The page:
December 1, 2021

Former Congresswoman Susan Brooks and Former FDA Commissioner Peggy Hamburg Join the Bipartisan Commission on Biodefense

Contact:   Steve Aaron
SRA Communications
(717) 554-8614 



Brooks and Hamburg Bring Additional Bipartisan Biodefense Expertise to the Commission


WASHINGTON, D.C. (Dec. 1, 2021) – The Bipartisan Commission on Biodefense is delighted to welcome two new Commissioners: former U.S. Representative Susan W. Brooks and former Commissioner of the Food and Drug Administration Margaret A. (Peggy) Hamburg. Congresswoman Brooks, a Republican, represented the 5th District of Indiana from 2013-2021. Commissioner Hamburg, a Democrat, served as the twenty-first commissioner of the U.S. Food and Drug Administration from 2009-2015.

“We are very pleased to welcome Congresswoman Brooks and Commissioner Hamburg, whose wealth of expertise will enhance the work of this Commission,” said former Senator Joe Lieberman, Commission Co-Chair. “During her time in Congress, Susan Brooks ensured that many of our recommendations from our original National Blueprint for Biodefense were included in the Pandemic All-Hazards Preparedness and Advancing Innovation Act. Peggy Hamburg has also spent considerable time addressing biological threats, during her time as FDA Commissioner and previously as the Assistant Secretary for Planning and Evaluation, when she served under one of our founding Commissioners, former Secretary of Health and Human Services Donna Shalala. We look forward to their contributions to our important work.”

Congresswoman Brooks was named the inaugural Congressional Biosecurity Champion by the Alliance for Biosecurity for her work on improving the Nation’s readiness for biological threats like Ebola and anthrax. Before joining the U.S. House of Representatives, Ms. Brooks served as Senior Vice President and General Counsel for Ivy Tech Community College from 2007-2012 where she focused on workforce development strategies aimed at enhancing job training and placement for thousands of Hoosier residents. In 2001, President George W. Bush appointed Brooks as U.S. Attorney for the Southern District of Indiana. She received bipartisan acclaim for efforts to battle mortgage fraud, gun violence, drug trafficking, gang activity, child exploitation, and identity theft.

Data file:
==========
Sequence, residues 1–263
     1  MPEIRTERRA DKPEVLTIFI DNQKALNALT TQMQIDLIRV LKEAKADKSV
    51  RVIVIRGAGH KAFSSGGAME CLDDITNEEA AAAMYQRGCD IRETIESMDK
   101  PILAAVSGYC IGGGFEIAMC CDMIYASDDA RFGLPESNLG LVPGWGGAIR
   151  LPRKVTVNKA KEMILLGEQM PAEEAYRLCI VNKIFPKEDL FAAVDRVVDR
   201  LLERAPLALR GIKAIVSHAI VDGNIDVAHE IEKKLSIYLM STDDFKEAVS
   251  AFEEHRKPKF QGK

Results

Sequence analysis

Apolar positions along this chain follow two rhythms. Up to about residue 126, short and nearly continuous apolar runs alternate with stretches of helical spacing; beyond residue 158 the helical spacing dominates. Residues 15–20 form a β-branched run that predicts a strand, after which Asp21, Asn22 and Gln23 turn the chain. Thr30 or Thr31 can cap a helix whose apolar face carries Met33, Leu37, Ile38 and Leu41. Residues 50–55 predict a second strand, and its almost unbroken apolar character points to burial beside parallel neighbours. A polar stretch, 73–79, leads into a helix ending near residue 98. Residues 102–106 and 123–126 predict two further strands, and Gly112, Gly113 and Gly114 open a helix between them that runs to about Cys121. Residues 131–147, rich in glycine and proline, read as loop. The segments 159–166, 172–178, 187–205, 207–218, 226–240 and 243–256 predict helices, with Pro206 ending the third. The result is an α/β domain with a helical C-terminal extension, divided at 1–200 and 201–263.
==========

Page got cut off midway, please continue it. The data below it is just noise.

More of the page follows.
Margaret (Peggy) Hamburg, MD, recently retired as Foreign Secretary for the National Academy of Medicine and finished terms as President and Board Chair of the American Association for the Advancement of Science. She is an internationally recognized leader in public health, medicine, and science. At the FDA, Commissioner Hamburg was known for advancing regulatory science, modernizing regulatory pathways, and globalizing the agency. Before this, she was founding Vice President for Biological Programs at the Nuclear Threat Initiative, a foundation dedicated to reducing nuclear, chemical, and biological threats. Other past positions include Commissioner of Health for New York City, and Assistant Director of the National Institute of Allergy and Infectious Diseases.

“Susan and Peggy remind us that the word ‘bipartisan’ in our Commission’s name is not just an afterthought,” said former Secretary of Homeland Security, Governor Tom Ridge. “The bipartisan work that goes into developing our recommendations serves an important purpose. It underscores that preparing for a biological incident is not a Republican or a Democrat issue – it is a matter of national security that should concern all Americans regardless of party affiliation. Susan and Peggy each have long and distinguished track records of working across party lines to help make our country a safer place. We are thrilled to have them on board.”


About the Bipartisan Commission on Biodefense

The Bipartisan Commission on Biodefense was established in 2014 to conduct a comprehensive assessment of the state of U.S. biodefense efforts, and to issue recommendations to foster change. The Commission’s 2015 report, National Blueprint for Biodefense: Leadership and Major Reform Needed to Optimize Efforts, identified capability gaps and recommended changes to U.S. policy and law to strengthen national biodefense while optimizing resource investments. In its 2021 report, Biodefense in Crisis: Immediate Action Needed to Address National Vulnerabilities, the Commission described the extent to which the federal government has implemented the Commission’s recommendations. Other Commission publications have addressed critical needs for an Apollo Program for Biodefense; national biodetection; biodefense of critical infrastructure; diagnostics; State, Local, Tribal and Territorial response capabilities; agrodefense; and biodefense budgeting. In September 2018, the White House released the National Biodefense Strategy, a top recommendation from the Blueprint. The Commission continues to address biodefense challenges and urge reform. Former Senator Joe Lieberman and Governor Tom Ridge co-chair the Commission. Hudson Institute is the Commission’s fiscal sponsor.